"The scars" and "that horrible world" are some of the terms for network management, according to one who's been in the trenches. Kailem Anderson was with Cisco Systems for 12 years prior to joining fiber-optics giant Ciena last year. As vice president of portfolio and engineering for the Blue Planet, a software division of Ciena, he is trying to help avoid such pain for those who must keep networks running. "I managed customer networks, and I spent a lot of time hiring analysts to watch the network, to watch alarms, and to build big strings of rules," for networking monitoring, says Anderson. His breezy Aussie accent gives a certain lightness to what sounds like a rather miserable affair.
There's plenty of speculation around how 5G will impact our daily lives -- from enabling self-driving cars to seemingly instant downloads. But we might learn how it will impact cows before most humans put it to the test. In southwest England, 50 dairy cattle are now wearing high-speed smart collars that control robotic milking systems. It's both a way to test 5G's potential in agriculture and to publicize one of Cisco Systems Inc.'s rural network trials. More importantly, it's an opportunity to see how 5G might transmit data between sensors faster than a rural broadband connection.
The insatiable appetite for higher throughput and lower latency – particularly where edge analytics and AI, network functions, or for a range of data center acceleration needs are concerned – has compelled IT managers and chip makers to venture out, increasingly, beyond CPUs and GPUs. The "inherent parallelism" of FPGAs (see below) to handle specialized workloads in AI- and HPDA-related implementations has brought on greater investments from IT decision makers and vendors, who see increasing justification for the challenge of FPGA programming. Of course, adoption of unfamiliar technologies is always painful and slow, particularly those without a built-out ecosystem of frameworks and APIs that simplify their use. Why are FPGAs bursting out of their communication, industrial and military niches and into the data center? Partly because of the limits of CPUs, which have their roots on the desktop and were, said Steve Conway, senior research VP at Hyperion Research, never really intended for advanced computing.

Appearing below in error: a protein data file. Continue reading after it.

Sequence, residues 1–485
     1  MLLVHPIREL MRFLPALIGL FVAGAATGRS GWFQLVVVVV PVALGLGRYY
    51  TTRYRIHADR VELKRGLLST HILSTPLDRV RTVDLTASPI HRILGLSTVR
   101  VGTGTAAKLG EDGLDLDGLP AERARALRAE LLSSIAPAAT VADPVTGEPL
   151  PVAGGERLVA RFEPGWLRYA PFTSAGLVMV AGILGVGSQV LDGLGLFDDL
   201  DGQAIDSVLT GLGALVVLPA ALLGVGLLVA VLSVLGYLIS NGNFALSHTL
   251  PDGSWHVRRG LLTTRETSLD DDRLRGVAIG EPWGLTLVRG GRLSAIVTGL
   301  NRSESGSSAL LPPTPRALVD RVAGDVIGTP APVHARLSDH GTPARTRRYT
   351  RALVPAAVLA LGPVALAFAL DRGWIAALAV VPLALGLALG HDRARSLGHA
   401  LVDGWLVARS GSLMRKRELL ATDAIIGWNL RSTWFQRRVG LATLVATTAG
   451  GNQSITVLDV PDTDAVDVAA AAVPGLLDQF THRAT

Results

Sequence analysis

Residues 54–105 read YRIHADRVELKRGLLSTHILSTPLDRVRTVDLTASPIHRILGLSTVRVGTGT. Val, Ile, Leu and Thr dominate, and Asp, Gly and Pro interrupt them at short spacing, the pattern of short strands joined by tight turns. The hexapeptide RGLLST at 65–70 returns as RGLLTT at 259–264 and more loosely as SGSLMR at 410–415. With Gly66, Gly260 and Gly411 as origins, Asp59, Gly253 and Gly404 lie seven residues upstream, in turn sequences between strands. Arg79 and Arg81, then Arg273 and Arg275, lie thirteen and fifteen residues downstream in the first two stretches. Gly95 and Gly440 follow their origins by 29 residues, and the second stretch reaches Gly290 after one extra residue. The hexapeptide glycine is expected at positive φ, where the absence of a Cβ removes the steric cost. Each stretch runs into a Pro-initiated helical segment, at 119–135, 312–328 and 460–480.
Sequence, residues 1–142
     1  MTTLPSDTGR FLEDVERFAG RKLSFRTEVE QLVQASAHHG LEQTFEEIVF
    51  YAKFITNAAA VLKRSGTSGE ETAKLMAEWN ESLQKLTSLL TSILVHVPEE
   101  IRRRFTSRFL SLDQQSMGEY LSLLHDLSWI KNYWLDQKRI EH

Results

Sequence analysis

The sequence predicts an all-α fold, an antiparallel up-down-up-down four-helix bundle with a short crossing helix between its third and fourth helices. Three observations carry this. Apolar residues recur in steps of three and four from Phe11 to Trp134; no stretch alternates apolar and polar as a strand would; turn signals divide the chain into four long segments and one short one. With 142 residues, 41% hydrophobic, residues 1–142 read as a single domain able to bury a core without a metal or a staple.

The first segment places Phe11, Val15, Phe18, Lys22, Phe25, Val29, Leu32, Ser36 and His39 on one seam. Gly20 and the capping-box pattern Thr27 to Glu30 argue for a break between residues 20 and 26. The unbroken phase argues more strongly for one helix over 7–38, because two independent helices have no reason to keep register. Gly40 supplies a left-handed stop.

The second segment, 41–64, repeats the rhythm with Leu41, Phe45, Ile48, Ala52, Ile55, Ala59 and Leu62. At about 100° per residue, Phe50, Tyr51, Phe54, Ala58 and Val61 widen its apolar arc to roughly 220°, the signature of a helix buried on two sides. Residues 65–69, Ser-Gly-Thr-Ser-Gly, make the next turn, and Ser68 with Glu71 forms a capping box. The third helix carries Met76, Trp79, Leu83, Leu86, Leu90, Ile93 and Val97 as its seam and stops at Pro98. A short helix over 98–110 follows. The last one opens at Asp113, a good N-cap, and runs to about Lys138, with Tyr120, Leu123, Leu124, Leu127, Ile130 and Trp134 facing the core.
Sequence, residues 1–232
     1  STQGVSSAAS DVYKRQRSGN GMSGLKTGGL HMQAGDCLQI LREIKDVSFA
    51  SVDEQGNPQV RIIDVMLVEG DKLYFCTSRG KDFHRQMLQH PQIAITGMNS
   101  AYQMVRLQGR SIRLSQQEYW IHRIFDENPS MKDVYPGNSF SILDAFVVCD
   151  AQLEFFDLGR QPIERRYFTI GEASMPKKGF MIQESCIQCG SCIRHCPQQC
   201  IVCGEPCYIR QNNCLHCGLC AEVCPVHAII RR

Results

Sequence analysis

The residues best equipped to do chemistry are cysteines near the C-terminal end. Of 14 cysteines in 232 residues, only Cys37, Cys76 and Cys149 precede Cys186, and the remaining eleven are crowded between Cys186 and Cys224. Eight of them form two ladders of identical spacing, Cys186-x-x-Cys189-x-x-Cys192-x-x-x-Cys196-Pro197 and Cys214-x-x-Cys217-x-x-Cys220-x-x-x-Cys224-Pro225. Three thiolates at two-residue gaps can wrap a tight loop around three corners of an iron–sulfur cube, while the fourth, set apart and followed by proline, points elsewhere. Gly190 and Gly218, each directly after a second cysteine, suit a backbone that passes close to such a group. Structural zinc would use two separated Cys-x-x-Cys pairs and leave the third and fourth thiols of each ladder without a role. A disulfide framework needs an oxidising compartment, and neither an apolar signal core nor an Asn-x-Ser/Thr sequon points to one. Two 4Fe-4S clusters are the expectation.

Verizon said Wednesday it had turned on its ultrafast 5G wireless network in parts of Chicago and Minneapolis, though it will be available only to certain subscribers who pay a fee and own a compatible smartphone. The move makes Verizon the first wireless carrier in the United States to flip the switch on speedy, smartphone-ready 5G service in select urban areas, the company said in a statement, though other U.S. carriers including AT&T, Sprint and T-Mobile have pledged to do the same in the coming months. The service Verizon is offering -- 5G, the fifth generation of wireless data networks -- could provide consumers Internet speeds that are up to 100 times faster than 4G networks, according to an industry trade association. Through the placement of small boxes that serve as conduits for invisible, data-transmitting radio waves, 5G networks could power a wide range of consumer devices, from smartphones that can stream Netflix videos more quickly to enabling the arrival of self-driving cars. The promise of faster speeds and more reliable connections has generated a full-on race between AT&T, Verizon, Sprint and T-Mobile, the country's four largest carriers, to see who can offer service first (and capture new consumers and their cash in the process).